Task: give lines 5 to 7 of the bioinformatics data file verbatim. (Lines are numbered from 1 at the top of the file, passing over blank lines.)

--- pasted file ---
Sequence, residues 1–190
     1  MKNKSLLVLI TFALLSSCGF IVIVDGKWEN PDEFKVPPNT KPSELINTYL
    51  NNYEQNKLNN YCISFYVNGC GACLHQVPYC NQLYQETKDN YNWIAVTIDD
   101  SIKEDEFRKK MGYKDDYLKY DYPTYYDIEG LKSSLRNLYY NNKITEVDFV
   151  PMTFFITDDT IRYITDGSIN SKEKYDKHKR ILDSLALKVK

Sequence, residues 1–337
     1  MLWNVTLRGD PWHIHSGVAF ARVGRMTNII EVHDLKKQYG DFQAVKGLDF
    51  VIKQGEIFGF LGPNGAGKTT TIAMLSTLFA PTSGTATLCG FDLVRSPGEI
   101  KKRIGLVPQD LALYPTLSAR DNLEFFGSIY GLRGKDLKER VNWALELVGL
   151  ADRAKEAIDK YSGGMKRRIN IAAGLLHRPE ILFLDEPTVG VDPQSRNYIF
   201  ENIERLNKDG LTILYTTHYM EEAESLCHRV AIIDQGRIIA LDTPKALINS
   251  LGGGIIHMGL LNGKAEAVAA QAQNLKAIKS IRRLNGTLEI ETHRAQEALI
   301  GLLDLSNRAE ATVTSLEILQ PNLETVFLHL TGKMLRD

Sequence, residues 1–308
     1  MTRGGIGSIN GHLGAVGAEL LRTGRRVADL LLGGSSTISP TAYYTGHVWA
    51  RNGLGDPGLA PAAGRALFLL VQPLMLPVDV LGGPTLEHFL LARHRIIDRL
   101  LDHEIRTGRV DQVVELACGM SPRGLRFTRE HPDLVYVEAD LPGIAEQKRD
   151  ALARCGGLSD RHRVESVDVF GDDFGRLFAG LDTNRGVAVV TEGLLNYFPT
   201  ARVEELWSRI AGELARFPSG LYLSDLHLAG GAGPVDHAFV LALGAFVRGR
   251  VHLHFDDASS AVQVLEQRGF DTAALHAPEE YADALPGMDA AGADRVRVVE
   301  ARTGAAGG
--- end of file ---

   151  PMTFFITDDT IRYITDGSIN SKEKYDKHKR ILDSLALKVK

Sequence, residues 1–337
     1  MLWNVTLRGD PWHIHSGVAF ARVGRMTNII EVHDLKKQYG DFQAVKGLDF